Cautious residents return home after toxic chemical train derailment

Residents forced to evacuate the Ohio village in eastern Palestine began returning home after learning on Wednesday that hundreds of air samples showed no dangerous levels of toxins after the controlled release and the burning of five tank trucks which were among the approximately 50 cars which derailed last Friday.

Authorities announced the lifting of the evacuation order at a Wednesday night press conference in East Palestine, Ohio. East Palestine Fire Chief Keith Drabick said air and water samples determined the evacuation zone, which covered a radius of about a mile, was safe for residents.

Evacuees speak of train derailment in eastern Palestine, Ohio
An aerial view shows a plume of smoke, following a train derailment that forced people to evacuate their homes in East Palestine, Ohio.

Alan Freed via Reuters

Evacuation orders were issued last week and officials urged residents of neighboring countries Beaver County, Pennsylvania to stay indoors as a precaution.

Mayor Trent Conaway acknowledged that people remained frustrated with the lingering smells and promised the village ‘didn’t just believe’ train operator Norfolk Southern Railway and representatives from the Environmental Protection Agency were involved in air testing. The village’s drinking water system is tested daily and is safe, he said.

The mayor expressed frustration that trains started moving through the area again just after the evacuation order was lifted, and said it was earlier than expected.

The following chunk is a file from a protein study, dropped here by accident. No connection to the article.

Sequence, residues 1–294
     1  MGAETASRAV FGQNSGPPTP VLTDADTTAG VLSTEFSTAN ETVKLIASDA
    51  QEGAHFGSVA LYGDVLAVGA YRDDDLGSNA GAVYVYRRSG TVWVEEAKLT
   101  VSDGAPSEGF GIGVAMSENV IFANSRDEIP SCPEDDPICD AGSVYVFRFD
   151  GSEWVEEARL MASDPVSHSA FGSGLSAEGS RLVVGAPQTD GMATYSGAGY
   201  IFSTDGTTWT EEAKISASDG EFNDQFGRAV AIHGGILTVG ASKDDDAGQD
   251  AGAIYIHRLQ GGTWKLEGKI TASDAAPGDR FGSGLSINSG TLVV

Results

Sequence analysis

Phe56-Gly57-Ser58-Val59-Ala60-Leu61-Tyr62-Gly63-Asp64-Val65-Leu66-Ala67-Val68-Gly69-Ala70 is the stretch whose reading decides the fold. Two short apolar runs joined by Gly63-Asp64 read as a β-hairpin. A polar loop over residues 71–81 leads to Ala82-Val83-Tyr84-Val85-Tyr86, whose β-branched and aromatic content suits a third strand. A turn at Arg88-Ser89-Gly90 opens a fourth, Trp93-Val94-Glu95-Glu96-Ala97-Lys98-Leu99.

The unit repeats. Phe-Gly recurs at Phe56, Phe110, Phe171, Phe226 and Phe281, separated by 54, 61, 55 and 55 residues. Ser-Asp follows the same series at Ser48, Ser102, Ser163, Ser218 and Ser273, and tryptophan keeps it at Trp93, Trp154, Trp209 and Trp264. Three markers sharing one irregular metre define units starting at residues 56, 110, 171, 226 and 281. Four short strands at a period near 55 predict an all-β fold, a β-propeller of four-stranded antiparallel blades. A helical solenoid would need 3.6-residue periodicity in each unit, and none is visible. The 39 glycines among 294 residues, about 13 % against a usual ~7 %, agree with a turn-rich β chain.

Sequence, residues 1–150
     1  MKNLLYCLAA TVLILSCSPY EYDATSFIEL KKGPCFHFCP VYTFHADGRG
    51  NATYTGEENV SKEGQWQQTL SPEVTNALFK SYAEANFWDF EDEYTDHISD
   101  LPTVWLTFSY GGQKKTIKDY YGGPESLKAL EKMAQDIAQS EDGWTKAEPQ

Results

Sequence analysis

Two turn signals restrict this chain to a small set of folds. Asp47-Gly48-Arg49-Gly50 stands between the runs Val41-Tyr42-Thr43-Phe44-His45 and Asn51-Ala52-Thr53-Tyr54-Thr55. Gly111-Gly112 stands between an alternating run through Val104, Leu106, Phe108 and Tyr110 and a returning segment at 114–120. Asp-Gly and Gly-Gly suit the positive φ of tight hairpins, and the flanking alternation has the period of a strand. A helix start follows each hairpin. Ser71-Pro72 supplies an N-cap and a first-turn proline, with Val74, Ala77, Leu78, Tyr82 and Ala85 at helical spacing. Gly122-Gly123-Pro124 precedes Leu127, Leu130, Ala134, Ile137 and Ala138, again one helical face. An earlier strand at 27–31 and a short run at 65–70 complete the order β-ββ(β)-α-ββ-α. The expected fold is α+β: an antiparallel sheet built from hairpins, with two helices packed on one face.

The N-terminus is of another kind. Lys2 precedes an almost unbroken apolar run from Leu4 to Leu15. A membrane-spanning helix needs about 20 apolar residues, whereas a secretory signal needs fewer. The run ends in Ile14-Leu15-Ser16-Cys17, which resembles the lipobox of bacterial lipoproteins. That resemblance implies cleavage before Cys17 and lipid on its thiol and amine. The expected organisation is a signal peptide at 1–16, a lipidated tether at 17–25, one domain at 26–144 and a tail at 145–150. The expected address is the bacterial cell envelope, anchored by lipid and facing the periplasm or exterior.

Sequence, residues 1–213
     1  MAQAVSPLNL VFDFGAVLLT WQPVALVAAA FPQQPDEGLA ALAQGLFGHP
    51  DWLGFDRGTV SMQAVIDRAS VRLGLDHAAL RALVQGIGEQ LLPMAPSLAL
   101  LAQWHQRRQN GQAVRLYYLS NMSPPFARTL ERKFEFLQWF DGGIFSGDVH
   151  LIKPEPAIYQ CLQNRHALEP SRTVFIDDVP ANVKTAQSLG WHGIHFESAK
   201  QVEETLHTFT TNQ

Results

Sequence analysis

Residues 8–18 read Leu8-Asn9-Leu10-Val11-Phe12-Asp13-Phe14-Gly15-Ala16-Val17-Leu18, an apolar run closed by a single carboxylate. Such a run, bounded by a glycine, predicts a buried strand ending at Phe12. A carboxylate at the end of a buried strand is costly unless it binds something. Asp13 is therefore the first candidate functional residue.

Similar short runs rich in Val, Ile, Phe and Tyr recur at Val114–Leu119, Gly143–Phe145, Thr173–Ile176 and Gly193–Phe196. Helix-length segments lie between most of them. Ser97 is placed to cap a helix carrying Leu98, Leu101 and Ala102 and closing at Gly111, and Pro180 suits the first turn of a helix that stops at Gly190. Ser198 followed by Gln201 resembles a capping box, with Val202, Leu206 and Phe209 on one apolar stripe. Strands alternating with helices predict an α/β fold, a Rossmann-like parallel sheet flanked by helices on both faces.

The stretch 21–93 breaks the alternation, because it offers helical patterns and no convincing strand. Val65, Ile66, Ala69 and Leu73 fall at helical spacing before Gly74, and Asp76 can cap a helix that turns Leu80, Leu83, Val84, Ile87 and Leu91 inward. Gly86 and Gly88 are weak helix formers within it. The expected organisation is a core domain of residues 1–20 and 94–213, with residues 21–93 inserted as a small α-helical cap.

February 3. approximately 50 wagons derailed in eastern Palestine as a train carried a variety of goods from Madison, Illinois, to Conway, Pennsylvania, train operator Norfolk Southern said. No injuries were reported.

Crews released vinyl chloride from the five carriages into a trough which was then ignited, creating a large plume over the village in eastern Palestine. Authorities were closely monitoring the air quality in the evacuation area.

About 300 requests for home air testing have been received so far, Columbiana County EMA Director Peggy Clark said. The tests take half an hour for each house and are managed by four teams working 10 hours a day, she said.

James Justice of the U.S. Environmental Protection Agency said on Wednesday it was unlikely there were dangerous levels of toxins inside homes or businesses based on the readings from the monitors. air around the community.

Schools in eastern Palestine, which have been closed all week due to the derailment, tentatively plan to reopen on Monday but will remain closed this week to deep clean buildings and have HVAC systems inspected.

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